Shake Shack, 24 Market Building, Covent Garden Piazza, London WC2
Five Guys, 1-3 Long Acre, Covent Garden, London WC2
Saturday 20 July 2013
People think this job is easy, but it's hard, I tell you, damned hard. My mission this week: to spend an entire day queuing for, and then eating, burgers. Like Morgan Spurlock in a hurry, I will be attempting my own Vine-length version of Super Size Me.
The two burger hotspots I'll be queuing outside are both Stateside legends – upscale New Yorker Shake Shack, and homely Virginian Five Guys. Over-hyped, over-seasoned and over here, these US invaders opened within a day of each other in London's Covent Garden, to a supersized reaction normally reserved for liberating armies. There was a two-hour queue outside Five Guys on opening night; a fast-feeding frenzy not seen in Covent Garden since Balthazar's advance-booking lines got swamped by angry restaurant critics.
I hit Shake Shack first, joining the lunch queue at the prized time of 11.40 on a Monday morning. The site, in Covent Garden's glass-roofed market building, is primer than the grass-fed Aberdeen Angus used for Shake Shack's burgers. Round here, the trade isn't just passing, it's staggering around stunned, as disoriented tourists escape the attentions of buskers and unsettling human statues.
With its subfusc grey frontage and terraced al fresco seating, Shake Shack blends right in, apart from the queue of sweaty early-adopters. But the line moves quickly, wrangled by a smiley charmbot, and I'm at the counter within 10 minutes. Waiting for my order on the pleasant wooden terrace, listening to a street entertainer assaulting an aria from Madam Butterfly, it's almost like being in a proper café, rather than a fast-food place. Until I get my food.
The overall effect of the Shake Shack cheeseburger – of salt and grease and yielding mushiness – sets all the pleasure receptors buzzing. But it's Pavlovian; the flavour never arrives. For all the hype about Shake Shack's suppliers – the Scottish beef, the rare breed pork, the collaborations with local food heroes like St John and Paul A Young – this is a big, greasy bag of disappointment. The meat has the flabby, pre-chewed characterlessness of a mass-produced patty. The bun is sweetish, softish and a bit supermarketish. A couple of slices of tasteless tomato and a lettuce leaf add nothing. Only the crinkle-cut fries – ribbed for extra pleasure – are any good.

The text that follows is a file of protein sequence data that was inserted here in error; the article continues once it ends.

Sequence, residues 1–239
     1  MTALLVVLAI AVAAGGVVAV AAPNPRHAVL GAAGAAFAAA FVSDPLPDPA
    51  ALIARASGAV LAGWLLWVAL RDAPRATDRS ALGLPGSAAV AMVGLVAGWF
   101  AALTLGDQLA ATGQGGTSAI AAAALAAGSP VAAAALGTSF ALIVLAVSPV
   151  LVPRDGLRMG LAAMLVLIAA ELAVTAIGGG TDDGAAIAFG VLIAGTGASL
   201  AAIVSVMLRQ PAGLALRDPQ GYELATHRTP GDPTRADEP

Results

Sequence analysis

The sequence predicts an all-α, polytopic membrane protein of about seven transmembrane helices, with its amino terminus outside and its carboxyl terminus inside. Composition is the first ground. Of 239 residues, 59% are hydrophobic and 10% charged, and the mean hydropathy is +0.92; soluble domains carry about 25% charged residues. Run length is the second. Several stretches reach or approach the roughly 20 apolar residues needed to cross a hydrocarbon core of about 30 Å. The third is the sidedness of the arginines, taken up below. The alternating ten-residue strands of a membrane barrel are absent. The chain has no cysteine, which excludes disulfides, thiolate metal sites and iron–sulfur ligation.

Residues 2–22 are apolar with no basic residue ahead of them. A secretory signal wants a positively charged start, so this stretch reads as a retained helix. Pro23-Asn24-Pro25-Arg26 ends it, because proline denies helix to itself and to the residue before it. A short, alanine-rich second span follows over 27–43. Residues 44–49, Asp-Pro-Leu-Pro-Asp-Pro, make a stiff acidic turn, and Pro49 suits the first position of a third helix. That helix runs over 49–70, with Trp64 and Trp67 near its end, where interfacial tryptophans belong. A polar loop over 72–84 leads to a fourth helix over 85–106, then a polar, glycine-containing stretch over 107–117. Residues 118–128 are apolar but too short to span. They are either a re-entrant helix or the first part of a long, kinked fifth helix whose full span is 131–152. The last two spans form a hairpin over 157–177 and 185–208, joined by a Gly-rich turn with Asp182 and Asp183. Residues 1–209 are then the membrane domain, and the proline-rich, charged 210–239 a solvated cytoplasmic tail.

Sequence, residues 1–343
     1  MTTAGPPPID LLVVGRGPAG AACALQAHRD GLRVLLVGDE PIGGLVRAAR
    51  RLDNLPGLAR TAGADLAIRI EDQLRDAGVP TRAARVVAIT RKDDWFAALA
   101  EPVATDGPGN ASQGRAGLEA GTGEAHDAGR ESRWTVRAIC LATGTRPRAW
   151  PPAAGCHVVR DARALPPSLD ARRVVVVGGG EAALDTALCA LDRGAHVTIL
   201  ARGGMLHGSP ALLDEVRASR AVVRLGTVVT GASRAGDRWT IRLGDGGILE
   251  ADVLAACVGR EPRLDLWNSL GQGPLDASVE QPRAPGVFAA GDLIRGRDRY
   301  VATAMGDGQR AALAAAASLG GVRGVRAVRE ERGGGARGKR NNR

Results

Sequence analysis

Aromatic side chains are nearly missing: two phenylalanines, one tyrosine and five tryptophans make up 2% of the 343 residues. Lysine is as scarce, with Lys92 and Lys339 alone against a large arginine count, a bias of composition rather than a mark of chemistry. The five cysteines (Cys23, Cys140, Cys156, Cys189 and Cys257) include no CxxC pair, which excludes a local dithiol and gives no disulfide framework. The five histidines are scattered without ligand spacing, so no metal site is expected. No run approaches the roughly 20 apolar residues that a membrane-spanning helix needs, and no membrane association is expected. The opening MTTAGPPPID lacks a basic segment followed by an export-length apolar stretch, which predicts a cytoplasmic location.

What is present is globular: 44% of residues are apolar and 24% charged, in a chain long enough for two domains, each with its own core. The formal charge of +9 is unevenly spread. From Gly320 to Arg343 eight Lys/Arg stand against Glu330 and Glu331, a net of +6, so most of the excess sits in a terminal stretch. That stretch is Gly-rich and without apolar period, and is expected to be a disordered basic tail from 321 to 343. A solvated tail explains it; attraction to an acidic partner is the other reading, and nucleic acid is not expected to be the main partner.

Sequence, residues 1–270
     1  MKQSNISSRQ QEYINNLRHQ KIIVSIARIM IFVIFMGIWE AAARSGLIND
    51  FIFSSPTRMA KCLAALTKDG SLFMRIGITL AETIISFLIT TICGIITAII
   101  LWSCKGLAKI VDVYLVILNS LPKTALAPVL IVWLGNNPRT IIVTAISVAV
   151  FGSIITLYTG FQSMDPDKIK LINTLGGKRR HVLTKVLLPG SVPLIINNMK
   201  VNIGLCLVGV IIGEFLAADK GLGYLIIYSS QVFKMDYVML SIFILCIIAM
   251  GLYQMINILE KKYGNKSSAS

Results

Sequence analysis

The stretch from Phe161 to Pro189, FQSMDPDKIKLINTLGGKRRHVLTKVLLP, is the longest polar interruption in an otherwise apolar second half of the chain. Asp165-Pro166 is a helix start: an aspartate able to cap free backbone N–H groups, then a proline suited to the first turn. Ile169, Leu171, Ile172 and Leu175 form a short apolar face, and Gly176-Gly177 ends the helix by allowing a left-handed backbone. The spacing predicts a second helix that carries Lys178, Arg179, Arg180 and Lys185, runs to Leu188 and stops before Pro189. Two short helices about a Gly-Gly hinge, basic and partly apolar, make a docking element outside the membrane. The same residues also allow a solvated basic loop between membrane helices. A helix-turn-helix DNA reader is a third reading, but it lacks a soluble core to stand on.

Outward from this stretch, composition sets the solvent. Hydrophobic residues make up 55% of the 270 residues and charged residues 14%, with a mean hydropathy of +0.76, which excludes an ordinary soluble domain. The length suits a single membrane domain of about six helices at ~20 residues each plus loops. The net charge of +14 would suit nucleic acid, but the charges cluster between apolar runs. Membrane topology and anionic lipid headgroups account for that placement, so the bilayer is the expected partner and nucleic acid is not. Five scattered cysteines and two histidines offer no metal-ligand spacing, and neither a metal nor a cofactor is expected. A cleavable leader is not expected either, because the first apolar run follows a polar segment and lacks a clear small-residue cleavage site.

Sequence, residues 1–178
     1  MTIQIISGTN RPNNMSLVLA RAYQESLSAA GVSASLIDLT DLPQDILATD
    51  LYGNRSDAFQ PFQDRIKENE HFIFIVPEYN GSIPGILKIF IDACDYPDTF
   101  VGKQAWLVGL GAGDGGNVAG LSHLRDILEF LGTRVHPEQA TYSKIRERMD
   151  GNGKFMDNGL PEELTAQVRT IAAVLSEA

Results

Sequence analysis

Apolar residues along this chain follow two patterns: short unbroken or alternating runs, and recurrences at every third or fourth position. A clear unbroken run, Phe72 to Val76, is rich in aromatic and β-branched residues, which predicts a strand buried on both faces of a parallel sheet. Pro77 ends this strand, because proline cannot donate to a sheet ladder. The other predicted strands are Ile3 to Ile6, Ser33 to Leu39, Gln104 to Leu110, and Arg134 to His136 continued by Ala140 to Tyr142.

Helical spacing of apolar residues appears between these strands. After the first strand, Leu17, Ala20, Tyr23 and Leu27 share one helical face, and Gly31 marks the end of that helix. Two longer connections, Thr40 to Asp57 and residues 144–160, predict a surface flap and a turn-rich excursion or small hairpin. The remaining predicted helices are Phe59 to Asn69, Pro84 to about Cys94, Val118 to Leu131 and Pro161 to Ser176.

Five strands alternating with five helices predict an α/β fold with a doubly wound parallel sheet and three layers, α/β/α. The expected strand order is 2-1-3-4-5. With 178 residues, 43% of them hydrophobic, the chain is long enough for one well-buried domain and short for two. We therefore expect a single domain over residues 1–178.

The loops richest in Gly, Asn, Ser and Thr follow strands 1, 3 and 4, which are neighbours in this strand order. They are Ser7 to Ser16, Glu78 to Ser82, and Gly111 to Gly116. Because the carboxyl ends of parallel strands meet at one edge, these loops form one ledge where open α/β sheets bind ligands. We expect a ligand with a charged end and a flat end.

I'm already feeling a bit sick. But onwards, to Five Guys. Wow. Now HERE is a place you could never get tired of hating. Straddling a corner site at the top of Long Acre, it is hard and shiny and garish and loud, a red-and-white chequered circle of hell. That you have to queue to get into. And then queue again to collect your food.
Shunning the way of Morgan Spurlock, I get them to undersize me, by ordering the 'little' cheeseburger at £5.50, plus Five Guys fries. Again, the fries are good, in as much as they taste of actual food. But the burger is just warm pap; striped from the grill, it might as well have been steamed. What flavour there is comes from the toppings – 15 are on offer and you can order any or all of them for free. The menu also warns that all burgers are available bunless, an offer about as appealing as John McCririck being available shirtless.
It's not exactly a news story; restaurant critic hates fast-food restaurant. So let's not dwell. Let's pass over the ersatz folksiness of the big sacks of potatoes and boxes of peanut oil, which make a claim for Five Guys, with its 1,000-plus branches, as a down-home, rural, meat and potatoes (and peanuts) kind of place. Let's try to block out the memory of that soda fountain, dispensing unlimited amounts of 100 different flavours of soft drink, all of them revolting. And let's try to forget the betrayed look on the faces of the red-capped staff, who've signed up believing they'll be part of an exciting new food concept, and have somehow ended up working in McDonalds.
Instead, let's gaze in wonder at that queue. What are they thinking of?
A case study in successful brand building, these new arrivals will probably do brilliantly. More branches are planned for both. Shake Shack in particular has been clever in marketing itself as the foodie's choice – rather like Krispy Kreme donuts did when they first launched in the UK and were only available in Harrods, making them cult objects of desire.
But thanks to the new wave of home-grown burger joints that have opened in recent years, including superior chains like Byron, we've got used to our burgers being a bit better than this – nubbly and charred and actually tasting of beef. For all their branding, Five Guys and Shake Shack are both offering fast food. And here's my bulletin from the frontline. Fast-food burgers don't taste very nice. And they don't make you feel very good after you've eaten them. No shit, Spurlock.
Shake Shack, 24 Market Building, Covent Garden Piazza, London WC2 (0207-2400054. Around £10 a head for burger and fries
Five Guys, 1-3 Long Acre, Covent Garden, London WC2 (0207-2402057). Around £10 a head for burger and fries
Ambience: no stars
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